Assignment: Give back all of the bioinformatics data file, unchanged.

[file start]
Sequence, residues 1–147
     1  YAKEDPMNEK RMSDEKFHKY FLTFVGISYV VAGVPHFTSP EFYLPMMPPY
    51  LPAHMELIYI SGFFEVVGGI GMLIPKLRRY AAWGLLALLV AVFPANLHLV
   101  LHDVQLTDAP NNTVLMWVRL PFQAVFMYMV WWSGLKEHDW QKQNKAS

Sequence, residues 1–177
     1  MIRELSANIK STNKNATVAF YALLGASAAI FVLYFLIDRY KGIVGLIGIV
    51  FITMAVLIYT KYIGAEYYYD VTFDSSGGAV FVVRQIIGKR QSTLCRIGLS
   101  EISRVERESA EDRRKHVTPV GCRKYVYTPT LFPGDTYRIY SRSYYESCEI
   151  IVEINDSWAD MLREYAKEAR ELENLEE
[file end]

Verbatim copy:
Sequence, residues 1–147
     1  YAKEDPMNEK RMSDEKFHKY FLTFVGISYV VAGVPHFTSP EFYLPMMPPY
    51  LPAHMELIYI SGFFEVVGGI GMLIPKLRRY AAWGLLALLV AVFPANLHLV
   101  LHDVQLTDAP NNTVLMWVRL PFQAVFMYMV WWSGLKEHDW QKQNKAS

Sequence, residues 1–177
     1  MIRELSANIK STNKNATVAF YALLGASAAI FVLYFLIDRY KGIVGLIGIV
    51  FITMAVLIYT KYIGAEYYYD VTFDSSGGAV FVVRQIIGKR QSTLCRIGLS
   101  EISRVERESA EDRRKHVTPV GCRKYVYTPT LFPGDTYRIY SRSYYESCEI
   151  IVEINDSWAD MLREYAKEAR ELENLEE